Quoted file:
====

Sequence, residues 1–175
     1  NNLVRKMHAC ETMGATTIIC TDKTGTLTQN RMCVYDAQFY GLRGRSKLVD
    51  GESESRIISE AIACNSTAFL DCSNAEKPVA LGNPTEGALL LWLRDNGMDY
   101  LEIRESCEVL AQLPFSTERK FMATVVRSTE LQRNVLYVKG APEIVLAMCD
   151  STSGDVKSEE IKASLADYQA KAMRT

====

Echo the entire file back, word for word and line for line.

Sequence, residues 1–175
     1  NNLVRKMHAC ETMGATTIIC TDKTGTLTQN RMCVYDAQFY GLRGRSKLVD
    51  GESESRIISE AIACNSTAFL DCSNAEKPVA LGNPTEGALL LWLRDNGMDY
   101  LEIRESCEVL AQLPFSTERK FMATVVRSTE LQRNVLYVKG APEIVLAMCD
   151  STSGDVKSEE IKASLADYQA KAMRT